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    How To Find Cheese In Japan

    By thomas | September 25, 2007

    Summer Cheese Variety SetI love cheese. I’d eat it everyday if I could. Back home, cheese was something I ate often. Not only did I eat it often, but the local grocery stores had a huge selection of different cheeses for me to devour. When I came to Japan, I found the situation to be quite different. Full of optimism, I charged into the neighborhood grocery store, hungry for cheese. Moments later I stumbled out, bewildered, my mind wrestling with the big question…

    Where’s the cheese?

    The average Japanese grocery store has about four kinds of cheese available: parmesan cheese, cream cheese, Camembert cheese and “processed” cheese. Some of the bigger stores like Jusco have a slightly larger selection, where you might find cheddar, mozzerella or pepperjack. Import food stores are also a solution. If you live in an urban area, chances are you will have a large import food store that offers a wide selection of foreign cheeses (and beer!).

    If you don’t have a good import food store near you, or you want a still larger selection of cheese, or you simply don’t want to take the trouble to get up and go to the store, don’t panic. Why not have cheese delivered directly to your door?

    ORDER-CHEESE.COM is a service that does just that. They have a large selection to choose from and they deliver quickly to your home. The price is a little high, but this is Japan. We just have to accept the fact that cheese won’t be cheap here.

    Cheese VarietiesThe site is in Japanese, but fortunately the cheese categories have English headings. Couple this with your knowledge of katakana and you should be able to find what you’re looking for in no time. To save time, you can use the search box at the top to manually search for a specific cheese. If you don’t know how to write your favorite cheese in katakana, try googling it:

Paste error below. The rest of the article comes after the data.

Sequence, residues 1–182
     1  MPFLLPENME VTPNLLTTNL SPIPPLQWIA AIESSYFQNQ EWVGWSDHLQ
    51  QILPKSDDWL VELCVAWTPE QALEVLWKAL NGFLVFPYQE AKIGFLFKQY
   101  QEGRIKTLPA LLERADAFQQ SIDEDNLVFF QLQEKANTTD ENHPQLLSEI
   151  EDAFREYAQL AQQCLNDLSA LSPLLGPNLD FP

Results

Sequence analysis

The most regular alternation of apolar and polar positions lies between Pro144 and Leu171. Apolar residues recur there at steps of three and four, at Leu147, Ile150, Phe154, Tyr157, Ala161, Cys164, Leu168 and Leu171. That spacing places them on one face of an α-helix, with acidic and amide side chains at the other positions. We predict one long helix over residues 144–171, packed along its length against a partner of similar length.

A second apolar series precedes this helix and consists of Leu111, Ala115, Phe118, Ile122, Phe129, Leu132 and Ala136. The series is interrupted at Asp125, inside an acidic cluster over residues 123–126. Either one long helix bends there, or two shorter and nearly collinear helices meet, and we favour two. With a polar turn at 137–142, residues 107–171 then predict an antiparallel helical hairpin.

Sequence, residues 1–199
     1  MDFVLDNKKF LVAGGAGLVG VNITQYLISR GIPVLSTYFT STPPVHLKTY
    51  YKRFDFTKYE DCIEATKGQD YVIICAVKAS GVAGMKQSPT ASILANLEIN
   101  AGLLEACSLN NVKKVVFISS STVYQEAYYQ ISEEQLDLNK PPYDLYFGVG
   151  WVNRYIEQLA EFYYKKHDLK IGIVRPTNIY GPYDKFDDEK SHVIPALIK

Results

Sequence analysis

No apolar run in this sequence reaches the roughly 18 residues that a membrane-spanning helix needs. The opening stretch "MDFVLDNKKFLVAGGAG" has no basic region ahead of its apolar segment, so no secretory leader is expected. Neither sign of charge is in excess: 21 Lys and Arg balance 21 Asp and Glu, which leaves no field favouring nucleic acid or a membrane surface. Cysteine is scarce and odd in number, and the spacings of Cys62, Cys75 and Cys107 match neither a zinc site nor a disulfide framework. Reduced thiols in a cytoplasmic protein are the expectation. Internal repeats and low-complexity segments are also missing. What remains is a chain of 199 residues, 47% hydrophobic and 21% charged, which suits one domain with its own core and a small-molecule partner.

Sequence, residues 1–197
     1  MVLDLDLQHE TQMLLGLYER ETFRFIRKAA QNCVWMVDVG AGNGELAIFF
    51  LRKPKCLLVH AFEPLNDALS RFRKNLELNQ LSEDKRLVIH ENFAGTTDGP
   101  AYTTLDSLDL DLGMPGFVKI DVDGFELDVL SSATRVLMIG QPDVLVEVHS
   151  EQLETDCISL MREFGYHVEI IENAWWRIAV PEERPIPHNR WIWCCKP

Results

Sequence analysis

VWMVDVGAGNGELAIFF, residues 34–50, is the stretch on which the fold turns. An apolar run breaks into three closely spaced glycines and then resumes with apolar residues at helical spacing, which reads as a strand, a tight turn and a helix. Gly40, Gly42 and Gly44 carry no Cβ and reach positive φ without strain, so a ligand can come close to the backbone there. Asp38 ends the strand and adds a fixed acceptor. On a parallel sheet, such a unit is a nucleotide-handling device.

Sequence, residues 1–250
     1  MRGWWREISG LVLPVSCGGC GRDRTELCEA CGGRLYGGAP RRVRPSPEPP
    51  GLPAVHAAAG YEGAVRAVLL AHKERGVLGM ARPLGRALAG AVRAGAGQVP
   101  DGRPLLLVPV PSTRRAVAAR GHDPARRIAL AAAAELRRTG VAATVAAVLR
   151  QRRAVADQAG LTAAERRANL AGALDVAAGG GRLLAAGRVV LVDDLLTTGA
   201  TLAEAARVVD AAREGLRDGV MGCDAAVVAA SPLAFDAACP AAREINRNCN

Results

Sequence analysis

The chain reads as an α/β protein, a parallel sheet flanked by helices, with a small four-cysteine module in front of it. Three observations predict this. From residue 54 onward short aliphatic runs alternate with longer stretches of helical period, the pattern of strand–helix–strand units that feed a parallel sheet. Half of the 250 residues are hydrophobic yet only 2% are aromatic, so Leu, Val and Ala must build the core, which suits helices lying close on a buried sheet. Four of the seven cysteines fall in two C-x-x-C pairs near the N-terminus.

Google Search for Cheddar CheeseGoogle Results for Cheddar CheeseCheese Search Box


    Cheese TokubaiOn the left-hand side of, under the category names, you will find some items labeled “tokubai”. “Tokubai” (特売 [とくばい]) means “sale”. These cheeses are available at a discount price. Just click on the link and you will be taken to a description of the promotion (skip to the bottom for prices). Also, if you are extremely addicted to cheese, you can sign up for their newsletter and they will periodically send you discounts, two-for-one deals and such. To sign up, type your email address into the form at the bottom of the page labeled Mail Magazine (メイルマガジン [a term which incidentally came up in an interesting poll on WhatJapanThinks recently]).

    I found out about a few months ago and I’ve purchased cheese from them on four separate occasions. They deliver fast and fresh, and they have an enormous selection. Payment is flexible – you can pay by credit card, COD or convenience store ticket (my personal choice). Moreover, by using, you can earn mileage with your Northwest Airlines WorldPerks or JAL Mileage Bank. I recommend trying out their “Variety Sets” in order to sample some cheeses you may not ordinarily buy yourself.

    That’s it! If you haven’t already, please take this opportunity to subscribe to this blog’s RSS feed to keep up with the latest tips.

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    Topics: Japanese Services | 20 Comments »Trackback